Nirmal Shekar, one of my favourite Sport writers once wrote in an article, “Nostalgia, to be sure, is a disease, a disease that not even a double dose of reality can cure. It is as common as cold in many of us who look back to our golden yesterday and then sigh, ‘Ah, nothing is what it used to be.’” And at this very moment I can feel my entire system giving way for that incurable disease to take complete control over me; to drag me to my home town where you would see me celebrate the festival of Onam with great pomp and show. It was sheer fun then, filled with immense joy. But with the passage of time, most of us leaving our home town in pursuit of a decent career, all such celebrations have come to an end. Things do not look the same.
There was always a lot of work involved on this festive day in preparing the delicious food served to the entire family. But today we get everything in packaged format. It was fun to be involved in lot of discussions on a day like Onam, for those were the occasions when all members of the family met at a single location. Hasn’t television taken away a major part of that fun by showing some special programs (most of which are really boring) on a day like Onam, including a couple of three hour movies that generally gets over in exactly double the time frame of the actual movie timing, with lot of advertisements every five minutes or so? Television to a larger extent has been largely responsible for making people look lazy on occasions of this sort. Why blame T.V., blame ourselves for switching it on and keep it switched on from dusk to dawn. Otherwise, there used to preparations for the festival starting as early as 4:00 A.M. Anyway, things have changed and it would be foolish on my part not to accept this change and adapt myself to it.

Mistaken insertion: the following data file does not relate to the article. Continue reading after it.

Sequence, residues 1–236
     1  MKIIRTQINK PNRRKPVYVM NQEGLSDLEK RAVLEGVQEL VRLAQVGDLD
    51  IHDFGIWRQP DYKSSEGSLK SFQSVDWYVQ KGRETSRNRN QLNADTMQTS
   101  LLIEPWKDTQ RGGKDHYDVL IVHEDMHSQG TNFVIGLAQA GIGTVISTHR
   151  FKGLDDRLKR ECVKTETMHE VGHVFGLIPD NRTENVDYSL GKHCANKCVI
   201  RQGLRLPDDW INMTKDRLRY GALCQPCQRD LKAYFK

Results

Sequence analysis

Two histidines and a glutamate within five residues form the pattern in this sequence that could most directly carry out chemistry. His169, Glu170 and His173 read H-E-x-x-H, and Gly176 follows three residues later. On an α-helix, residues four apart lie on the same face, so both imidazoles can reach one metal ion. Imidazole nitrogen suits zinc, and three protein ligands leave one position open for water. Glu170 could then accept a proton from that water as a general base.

I have already written a post about the Onam festival here and I wouldn’t want to repeat myself. I wish all of you a Happy Onam. Please celebrate this festival of joy in whichever way you can.